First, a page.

The real problems with ‘Valuing all God’s children.’

Nov 20, 2017 by

by Martin Davie:

Why the headlines got it wrong.

A week ago today the Church of England published an updated version of its guidance on tackling bullying in church schools, Valuing All God’s Children. This report generated a media firestorm, which concentrated on the issue of what little boys should be allowed to wear in school. Thus the headline in the Daily Telegraph said ‘Let boys wear Tutus and high heels if they want to, Church of England says’ the Mail online went with ‘Let little boys wear tiaras’ and the Metro’s headline was ‘Boys should be able to wear tutus, tiaras and heels if they want, says Church of England.’

These headlines, and others like them, all distort one very small part of what the report has to say. What the report actually says in one paragraph on page 20 is the following:

‘In the early years context and throughout primary school, play should be a hallmark of creative exploration. Pupils need to be able to play with the many cloaks of identity (sometimes quite literally with the dressing up box). Children should be at liberty to explore the possibilities of who they might be without judgement or derision. For example, a child may choose the tutu, princess’s tiara and heels and/or the firefighter’s helmet, tool belt and superhero cloak without expectation or comment. Childhood has a sacred space for creative self-imagining.’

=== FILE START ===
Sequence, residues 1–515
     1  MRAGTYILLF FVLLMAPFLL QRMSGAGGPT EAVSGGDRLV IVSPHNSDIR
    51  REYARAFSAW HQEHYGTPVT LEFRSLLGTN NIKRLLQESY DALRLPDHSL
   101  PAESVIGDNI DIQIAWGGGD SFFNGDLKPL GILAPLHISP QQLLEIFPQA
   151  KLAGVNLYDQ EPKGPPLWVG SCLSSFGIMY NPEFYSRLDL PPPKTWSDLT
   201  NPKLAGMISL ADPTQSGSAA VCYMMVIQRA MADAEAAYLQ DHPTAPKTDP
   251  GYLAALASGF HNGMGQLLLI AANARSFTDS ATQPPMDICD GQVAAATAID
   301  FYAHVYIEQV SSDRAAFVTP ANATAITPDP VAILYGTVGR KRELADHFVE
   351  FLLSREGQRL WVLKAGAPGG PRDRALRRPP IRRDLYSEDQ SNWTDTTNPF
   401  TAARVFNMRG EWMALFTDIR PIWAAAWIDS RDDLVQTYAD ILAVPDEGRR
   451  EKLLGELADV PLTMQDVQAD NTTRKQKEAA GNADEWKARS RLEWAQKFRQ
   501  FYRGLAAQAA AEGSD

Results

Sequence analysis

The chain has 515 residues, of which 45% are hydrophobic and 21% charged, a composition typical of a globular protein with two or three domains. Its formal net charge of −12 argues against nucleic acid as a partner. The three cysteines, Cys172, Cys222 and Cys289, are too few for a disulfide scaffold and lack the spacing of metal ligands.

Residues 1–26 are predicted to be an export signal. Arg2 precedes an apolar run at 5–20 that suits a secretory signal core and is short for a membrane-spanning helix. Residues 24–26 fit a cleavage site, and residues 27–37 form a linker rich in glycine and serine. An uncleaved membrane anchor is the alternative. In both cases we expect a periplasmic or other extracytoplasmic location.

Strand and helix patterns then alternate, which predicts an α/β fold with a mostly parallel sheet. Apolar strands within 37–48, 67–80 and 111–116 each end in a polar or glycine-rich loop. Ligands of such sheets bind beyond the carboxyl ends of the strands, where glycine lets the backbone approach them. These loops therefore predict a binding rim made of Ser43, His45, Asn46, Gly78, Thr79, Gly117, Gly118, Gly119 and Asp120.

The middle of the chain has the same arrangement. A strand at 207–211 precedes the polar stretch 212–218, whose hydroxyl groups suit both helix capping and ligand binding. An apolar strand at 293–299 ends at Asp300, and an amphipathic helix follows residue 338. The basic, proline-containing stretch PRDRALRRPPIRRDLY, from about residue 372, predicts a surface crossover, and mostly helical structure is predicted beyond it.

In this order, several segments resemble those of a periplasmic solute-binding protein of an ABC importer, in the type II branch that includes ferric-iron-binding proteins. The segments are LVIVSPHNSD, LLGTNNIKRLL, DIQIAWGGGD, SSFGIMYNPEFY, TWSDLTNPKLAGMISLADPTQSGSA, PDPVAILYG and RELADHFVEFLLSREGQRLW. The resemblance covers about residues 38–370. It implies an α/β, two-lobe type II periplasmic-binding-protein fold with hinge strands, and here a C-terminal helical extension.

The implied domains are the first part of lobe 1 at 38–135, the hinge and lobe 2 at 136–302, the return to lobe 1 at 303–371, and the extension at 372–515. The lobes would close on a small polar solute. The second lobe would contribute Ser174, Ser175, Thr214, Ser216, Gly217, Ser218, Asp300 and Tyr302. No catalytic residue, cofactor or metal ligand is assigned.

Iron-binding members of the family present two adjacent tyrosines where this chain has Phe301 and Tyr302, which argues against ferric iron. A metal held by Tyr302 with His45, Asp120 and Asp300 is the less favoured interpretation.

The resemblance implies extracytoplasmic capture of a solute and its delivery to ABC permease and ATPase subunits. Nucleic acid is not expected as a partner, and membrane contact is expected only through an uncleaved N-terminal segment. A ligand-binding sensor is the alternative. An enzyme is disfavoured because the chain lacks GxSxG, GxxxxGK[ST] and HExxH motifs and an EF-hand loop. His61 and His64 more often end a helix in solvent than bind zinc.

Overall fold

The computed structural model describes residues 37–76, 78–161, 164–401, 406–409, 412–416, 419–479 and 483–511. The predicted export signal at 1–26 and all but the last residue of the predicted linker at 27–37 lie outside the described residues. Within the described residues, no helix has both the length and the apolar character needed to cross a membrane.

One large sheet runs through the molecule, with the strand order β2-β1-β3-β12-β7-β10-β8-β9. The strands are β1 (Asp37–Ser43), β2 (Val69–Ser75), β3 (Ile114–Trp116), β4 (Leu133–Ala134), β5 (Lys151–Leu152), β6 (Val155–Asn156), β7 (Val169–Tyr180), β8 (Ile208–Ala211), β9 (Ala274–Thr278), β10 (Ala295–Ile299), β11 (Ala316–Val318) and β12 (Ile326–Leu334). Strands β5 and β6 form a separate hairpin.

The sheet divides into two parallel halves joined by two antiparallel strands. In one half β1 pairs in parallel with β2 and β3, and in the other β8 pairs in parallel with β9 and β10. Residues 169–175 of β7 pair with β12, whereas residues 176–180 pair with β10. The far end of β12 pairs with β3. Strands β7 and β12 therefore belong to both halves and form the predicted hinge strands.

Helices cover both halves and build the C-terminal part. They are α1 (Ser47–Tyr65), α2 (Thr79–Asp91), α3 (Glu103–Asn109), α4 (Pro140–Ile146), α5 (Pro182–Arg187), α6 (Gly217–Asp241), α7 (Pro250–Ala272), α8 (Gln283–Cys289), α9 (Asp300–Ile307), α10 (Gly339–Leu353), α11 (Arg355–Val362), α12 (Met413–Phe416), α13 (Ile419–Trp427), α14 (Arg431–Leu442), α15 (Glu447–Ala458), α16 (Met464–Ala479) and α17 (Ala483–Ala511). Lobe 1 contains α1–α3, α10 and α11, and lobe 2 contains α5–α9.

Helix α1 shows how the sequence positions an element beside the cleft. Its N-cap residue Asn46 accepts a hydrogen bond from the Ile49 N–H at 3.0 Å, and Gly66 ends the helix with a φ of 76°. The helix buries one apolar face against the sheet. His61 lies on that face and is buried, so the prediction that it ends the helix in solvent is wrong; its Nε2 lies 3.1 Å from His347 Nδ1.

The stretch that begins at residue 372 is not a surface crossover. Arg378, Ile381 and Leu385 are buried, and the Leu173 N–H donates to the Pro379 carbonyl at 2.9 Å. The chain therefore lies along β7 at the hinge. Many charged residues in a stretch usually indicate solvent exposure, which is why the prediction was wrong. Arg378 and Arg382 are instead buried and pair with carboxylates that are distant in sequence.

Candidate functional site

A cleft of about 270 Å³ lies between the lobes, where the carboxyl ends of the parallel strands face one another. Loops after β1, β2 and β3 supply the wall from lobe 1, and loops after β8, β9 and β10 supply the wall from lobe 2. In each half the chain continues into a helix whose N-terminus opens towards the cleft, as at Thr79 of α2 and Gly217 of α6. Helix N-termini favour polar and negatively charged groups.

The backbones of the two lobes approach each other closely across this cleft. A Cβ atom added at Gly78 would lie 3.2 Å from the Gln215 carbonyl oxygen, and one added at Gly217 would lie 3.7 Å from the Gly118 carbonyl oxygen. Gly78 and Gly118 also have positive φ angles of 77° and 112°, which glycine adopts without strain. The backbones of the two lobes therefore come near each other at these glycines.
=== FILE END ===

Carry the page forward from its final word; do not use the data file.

Contrary to the impression given by the headlines this paragraph does not say anything at all about what boys in particular should wear and it says nothing at all about what any child should be allowed to normally wear to school. All it says is that children should be allow to choose what they like from the dressing up box.

Presumably the headlines were motivated by the fact that no one would be interested in a story headed ‘Children should have free choice from the dressing up box’ but what they succeeded in doing was missing the point of the report as whole, which can be more accurately summed up as ‘Church of England gives guidance to schools on combatting ‘homophobic, biphobic and transphobic bullying.’

By focusing on their own fantasy version of the report rather than what the report actually said, what the press coverage failed to spot was that there are three big problems with the report.

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